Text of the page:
I recently read/listened to two books with a similar premise: the royal family has been killed and treasonous interlopers have taken over the kingdom, only --------- can save the kingdom. The first of these novels is The False Prince by Jennifer Nielsen. The second is Finnikin of the Rock by Melina Marchetta. The first I enjoyed enough to continue to the second book, The Runaway King, the second I did not.
The False Prince stars Sage, an orphan/street kid who is taken away by a man who needs to find a boy of the right age to impersonate Jaron, the missing prince in order to save the kingdom from chaos at the hands of power hungry regents. Sage, Roden, and Tobias will spend time training to become Jaron. Whoever best does so will return to Carthya to become king. The other two will in all likelihood be killed.
Ten years ago, the kingdom of Lumatere was attacked from within and the royal family wiped out. A sorceress's curse has prevented the restoration of Lumatere. The story begins as Finnikin, the son of the former captain of the guard, along with Sir Topher, the former king's first man, and Evanjalin, a religious novice seek to break the curse by finding Balthazar the heir to the throne.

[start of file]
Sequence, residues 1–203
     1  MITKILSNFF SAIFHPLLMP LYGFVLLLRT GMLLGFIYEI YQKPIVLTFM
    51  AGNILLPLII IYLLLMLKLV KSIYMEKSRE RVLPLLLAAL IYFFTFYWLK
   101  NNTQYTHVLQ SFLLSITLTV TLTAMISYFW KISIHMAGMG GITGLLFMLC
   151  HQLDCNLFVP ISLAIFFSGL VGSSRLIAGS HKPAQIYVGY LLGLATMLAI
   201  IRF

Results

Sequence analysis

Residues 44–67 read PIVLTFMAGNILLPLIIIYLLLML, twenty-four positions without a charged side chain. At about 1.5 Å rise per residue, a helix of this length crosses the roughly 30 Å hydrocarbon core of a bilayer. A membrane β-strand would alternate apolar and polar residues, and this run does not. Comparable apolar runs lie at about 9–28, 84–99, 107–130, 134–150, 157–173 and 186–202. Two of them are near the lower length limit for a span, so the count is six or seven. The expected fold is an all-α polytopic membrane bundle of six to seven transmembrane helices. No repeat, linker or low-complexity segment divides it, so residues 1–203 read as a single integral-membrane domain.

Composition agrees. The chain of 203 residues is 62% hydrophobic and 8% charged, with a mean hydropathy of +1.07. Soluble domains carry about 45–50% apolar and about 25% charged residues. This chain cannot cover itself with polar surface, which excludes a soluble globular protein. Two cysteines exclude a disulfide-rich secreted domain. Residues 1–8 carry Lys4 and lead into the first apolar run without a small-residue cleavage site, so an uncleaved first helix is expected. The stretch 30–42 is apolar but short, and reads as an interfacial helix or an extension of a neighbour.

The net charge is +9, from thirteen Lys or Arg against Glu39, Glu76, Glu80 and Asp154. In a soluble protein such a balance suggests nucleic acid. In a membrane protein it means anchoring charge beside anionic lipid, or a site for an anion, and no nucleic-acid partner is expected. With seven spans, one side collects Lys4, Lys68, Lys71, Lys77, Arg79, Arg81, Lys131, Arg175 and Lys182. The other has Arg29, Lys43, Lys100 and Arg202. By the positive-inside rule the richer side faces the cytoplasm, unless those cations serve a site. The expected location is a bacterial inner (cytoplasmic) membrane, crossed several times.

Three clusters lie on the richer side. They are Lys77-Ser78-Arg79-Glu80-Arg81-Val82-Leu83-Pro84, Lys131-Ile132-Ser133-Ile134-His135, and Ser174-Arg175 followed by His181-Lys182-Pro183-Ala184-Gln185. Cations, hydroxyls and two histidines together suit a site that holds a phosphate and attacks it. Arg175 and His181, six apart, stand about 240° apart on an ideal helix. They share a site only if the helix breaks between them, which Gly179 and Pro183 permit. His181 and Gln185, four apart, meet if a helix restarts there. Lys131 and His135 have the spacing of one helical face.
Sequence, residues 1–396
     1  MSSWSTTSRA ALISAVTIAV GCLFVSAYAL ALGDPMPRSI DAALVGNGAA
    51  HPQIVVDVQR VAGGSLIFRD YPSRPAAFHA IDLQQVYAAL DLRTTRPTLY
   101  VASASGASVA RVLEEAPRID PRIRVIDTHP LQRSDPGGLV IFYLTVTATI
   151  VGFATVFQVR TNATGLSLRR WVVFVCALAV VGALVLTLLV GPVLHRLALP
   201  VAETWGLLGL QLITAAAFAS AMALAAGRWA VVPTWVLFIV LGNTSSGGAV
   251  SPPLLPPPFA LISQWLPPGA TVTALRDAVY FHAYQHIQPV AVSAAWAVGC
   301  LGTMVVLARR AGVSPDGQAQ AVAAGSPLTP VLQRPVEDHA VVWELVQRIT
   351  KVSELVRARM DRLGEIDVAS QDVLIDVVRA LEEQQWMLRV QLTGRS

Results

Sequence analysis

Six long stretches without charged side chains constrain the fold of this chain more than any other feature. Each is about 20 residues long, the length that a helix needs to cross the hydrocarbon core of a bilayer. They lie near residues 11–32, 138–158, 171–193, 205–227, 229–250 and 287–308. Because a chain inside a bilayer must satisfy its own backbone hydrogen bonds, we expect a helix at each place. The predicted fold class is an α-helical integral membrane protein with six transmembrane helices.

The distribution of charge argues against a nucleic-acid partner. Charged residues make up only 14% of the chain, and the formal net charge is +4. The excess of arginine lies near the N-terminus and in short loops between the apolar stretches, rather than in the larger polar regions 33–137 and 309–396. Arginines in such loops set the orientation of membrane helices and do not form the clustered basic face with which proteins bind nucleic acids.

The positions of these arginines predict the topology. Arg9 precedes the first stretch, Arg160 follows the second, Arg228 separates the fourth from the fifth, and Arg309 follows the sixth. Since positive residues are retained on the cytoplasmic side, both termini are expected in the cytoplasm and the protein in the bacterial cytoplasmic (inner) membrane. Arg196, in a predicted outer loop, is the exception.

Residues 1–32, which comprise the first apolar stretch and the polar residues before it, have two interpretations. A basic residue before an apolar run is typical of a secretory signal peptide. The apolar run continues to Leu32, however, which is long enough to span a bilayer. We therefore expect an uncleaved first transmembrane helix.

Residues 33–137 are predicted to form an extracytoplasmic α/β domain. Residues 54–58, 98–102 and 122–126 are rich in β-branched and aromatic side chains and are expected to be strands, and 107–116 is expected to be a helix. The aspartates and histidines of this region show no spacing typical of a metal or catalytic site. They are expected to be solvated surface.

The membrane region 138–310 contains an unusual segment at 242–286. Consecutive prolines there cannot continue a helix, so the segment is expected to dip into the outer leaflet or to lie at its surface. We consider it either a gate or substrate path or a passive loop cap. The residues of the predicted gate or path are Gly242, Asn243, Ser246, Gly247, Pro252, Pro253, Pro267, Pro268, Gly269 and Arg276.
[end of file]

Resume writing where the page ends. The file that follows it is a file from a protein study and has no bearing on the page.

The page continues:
For me, The False Prince was a much more exciting story with a fast pace. Because of this I was interested to read the second book (and probably the 3rd) to find out how the kingdom fares with its new king. I will not be reading Froi of the Exiles to find out about Lumatere. Marchetta has a very heavy hand with the "power of the mysterious goddess" blabbity blab. I call this the Red Tent effect. I read The Red Tent when it was all the rage. I hated it. Let me be clear, I am all for the acceptance/belief/realization of the blow to women's power that came in with the rise of patriarchal Christianity. However, I do not need nor want a novel to shove female mysticism and strength down my throat. I feel Finnikin of the Rock did this in excess; it simply felt preachy. I have asked one of my male students to read it because my adult perspective is often put off by elements of a book that kids either do not see or see differently.